Pig producers co-op denies piglet fraud

The Guyana Swine Producers Cooperative Society Limited has denied recent allegations that it was involved in “piglet fraud,” as was claimed by a recent letter writer.

In an interview with Stabroek News recently, Chairman of the Co-op Eric Anderson and Secretary Owen McGarrell refuted the validity of the claims made in a letter that was published in the October 12 edition of the newspaper.

In the letter, titled “Piglet Fraud,” it was stated that the letter writers, who have been members of the Co-op for over two years, paid $5,000 to receive piglets and feed under a government-funded project, but were still to receive any to date. The letter claimed, however, that members of the society “took fifteen piglets for themselves,” which they kept at the society’s farm.

The letter also stated that 80 piglets had arrived in Guyana in June, 2016, and were to be distributed among the Co-op’s poultry members.

It was related to Stabroek News by Anderson and McGarrell that a total of 103 piglets arrived in Guyana in 2016. There were 93 Topigs 40 and 10 Suriname Pig Farm boars. The piglets were reportedly distributed among 35 members, none of whom paid for receipt of the stock.

When Anderson visited this newspaper, he proceeded first to clarify the conditions of membership for the Co-op, which was registered in March, 2016.

He showed a copy of the constitution, which outlines the criteria for becoming a member of the society, including being a pig farmer. Once the criteria are met, the document states, persons are required to pay a $5,000 registration fee and a $500 monthly subscription fee subsequently.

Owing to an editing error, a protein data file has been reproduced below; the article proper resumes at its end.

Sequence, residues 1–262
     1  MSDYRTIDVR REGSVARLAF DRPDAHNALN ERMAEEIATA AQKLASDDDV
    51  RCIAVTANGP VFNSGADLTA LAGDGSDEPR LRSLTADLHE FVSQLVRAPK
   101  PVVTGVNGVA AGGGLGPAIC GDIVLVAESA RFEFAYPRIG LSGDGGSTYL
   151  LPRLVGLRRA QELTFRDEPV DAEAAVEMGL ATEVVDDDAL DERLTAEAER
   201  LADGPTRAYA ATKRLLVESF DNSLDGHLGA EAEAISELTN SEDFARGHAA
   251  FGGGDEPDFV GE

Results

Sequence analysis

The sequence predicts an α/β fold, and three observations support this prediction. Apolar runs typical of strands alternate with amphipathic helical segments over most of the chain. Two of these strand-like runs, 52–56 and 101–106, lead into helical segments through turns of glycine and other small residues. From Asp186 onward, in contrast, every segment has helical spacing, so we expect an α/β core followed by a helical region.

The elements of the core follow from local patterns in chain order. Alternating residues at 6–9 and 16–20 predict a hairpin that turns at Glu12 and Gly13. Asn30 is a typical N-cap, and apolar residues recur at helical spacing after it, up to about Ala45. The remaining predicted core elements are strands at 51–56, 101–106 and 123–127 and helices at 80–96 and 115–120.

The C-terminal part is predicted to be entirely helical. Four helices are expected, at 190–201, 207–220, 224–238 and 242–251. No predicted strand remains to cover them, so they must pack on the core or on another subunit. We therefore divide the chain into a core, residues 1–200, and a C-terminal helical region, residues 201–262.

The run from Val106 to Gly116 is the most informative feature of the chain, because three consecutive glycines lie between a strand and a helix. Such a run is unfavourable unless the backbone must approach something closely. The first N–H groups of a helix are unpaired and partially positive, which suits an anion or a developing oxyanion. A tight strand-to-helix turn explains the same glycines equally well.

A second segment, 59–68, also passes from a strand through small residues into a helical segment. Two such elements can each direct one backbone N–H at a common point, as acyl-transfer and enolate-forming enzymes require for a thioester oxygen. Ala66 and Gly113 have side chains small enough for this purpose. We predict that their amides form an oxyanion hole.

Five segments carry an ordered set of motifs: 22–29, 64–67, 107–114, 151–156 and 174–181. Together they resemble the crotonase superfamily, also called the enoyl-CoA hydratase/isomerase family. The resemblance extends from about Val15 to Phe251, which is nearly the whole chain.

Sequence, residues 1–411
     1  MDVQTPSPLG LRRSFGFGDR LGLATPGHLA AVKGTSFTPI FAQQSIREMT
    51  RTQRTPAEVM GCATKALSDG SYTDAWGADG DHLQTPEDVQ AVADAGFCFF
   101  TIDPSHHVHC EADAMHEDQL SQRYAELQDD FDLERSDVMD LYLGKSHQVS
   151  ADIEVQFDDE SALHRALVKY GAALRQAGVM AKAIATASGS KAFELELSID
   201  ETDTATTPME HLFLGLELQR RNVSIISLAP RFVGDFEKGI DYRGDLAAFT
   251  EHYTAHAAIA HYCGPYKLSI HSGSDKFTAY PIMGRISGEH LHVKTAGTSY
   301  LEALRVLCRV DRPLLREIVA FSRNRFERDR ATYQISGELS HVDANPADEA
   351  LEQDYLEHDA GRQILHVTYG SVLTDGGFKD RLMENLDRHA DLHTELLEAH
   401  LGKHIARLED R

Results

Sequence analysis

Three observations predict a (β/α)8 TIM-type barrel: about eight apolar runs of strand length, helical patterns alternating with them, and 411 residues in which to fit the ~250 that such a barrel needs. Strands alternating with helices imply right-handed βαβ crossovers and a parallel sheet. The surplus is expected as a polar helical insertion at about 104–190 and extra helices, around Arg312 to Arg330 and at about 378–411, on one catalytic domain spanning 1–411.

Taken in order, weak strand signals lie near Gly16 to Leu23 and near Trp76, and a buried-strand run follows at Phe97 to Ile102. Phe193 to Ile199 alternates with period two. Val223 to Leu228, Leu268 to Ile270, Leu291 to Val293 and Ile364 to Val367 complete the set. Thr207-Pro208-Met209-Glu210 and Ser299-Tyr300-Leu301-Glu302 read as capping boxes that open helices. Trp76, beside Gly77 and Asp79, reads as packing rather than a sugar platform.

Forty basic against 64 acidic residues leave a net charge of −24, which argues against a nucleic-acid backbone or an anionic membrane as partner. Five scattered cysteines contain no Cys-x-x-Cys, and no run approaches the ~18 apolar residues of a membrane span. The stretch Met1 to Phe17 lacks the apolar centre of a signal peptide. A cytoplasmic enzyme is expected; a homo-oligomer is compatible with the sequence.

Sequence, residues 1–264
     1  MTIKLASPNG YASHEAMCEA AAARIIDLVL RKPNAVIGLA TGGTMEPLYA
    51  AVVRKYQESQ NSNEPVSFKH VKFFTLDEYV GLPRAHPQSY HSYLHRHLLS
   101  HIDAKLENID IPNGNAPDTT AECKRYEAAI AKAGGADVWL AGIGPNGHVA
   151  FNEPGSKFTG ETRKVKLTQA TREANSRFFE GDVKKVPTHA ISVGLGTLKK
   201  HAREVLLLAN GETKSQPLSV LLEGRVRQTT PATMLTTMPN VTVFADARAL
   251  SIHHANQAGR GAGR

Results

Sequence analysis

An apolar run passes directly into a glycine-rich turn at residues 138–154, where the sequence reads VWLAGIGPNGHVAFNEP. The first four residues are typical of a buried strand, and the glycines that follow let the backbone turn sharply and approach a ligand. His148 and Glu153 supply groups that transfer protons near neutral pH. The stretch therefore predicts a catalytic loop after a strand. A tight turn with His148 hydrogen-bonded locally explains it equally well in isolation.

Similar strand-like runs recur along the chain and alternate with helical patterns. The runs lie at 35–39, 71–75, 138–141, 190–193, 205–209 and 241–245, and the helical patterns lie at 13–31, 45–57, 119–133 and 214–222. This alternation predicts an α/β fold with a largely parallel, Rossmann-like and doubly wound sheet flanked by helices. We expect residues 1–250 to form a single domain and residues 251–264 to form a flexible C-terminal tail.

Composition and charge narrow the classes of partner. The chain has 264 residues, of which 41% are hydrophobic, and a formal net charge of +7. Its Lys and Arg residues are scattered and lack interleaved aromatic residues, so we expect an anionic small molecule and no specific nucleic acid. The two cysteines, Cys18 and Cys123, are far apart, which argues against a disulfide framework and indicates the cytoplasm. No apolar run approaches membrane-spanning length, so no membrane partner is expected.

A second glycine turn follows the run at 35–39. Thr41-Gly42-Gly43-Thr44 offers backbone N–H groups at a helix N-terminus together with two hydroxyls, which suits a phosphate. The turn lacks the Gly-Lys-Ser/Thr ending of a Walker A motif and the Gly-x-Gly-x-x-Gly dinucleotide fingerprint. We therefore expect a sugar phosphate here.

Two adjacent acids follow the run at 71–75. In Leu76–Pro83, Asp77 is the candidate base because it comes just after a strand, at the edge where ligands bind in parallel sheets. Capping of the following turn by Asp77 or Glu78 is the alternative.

“So when they talk to the $5,000 for two pigs, that is what they talking about. And I doubt whether it is a member of the society that wrote this letter. Because they are fully aware of this criteria,” Anderson stated.

Anderson also stated that the society does not have a farm, contrary to what was suggested in the letter.

Around 35 members reportedly received piglets under the project after a special committee was appointed to determine whether members had farm conditions suitable to rear the high breed stock.

It was explained that the original list contained 32 names, but this was later changed after the committee made visits to determine the farmers’ capacities to rear the pigs. As a result, about 35 farmers were reportedly in receipt of piglets.

“You had a technical committee put together for that and that technical committee was headed by Mr Michael Welch from GLDA [Guyana Livestock Development Authority] and it includes Arnold Mendonca from IICA [the Inter-American Institute for Cooperation on Agriculture], Mr Hinds, a member of the society, Mr Jason Fraser, the project officer from the Ministry of Communities and a project officer for the project that was appointed, Ms Mercedes Forde. The society had nothing to do directly with it. There was a technical committee to address that,” McGarrell stated.

“Those were the persons responsible for ensuring that the conditions were met before members could receive any of the pigs,” he added.

“He further mentioned he see 15 pigs, he or she, which member received 15 pigs and from where?” Anderson questioned.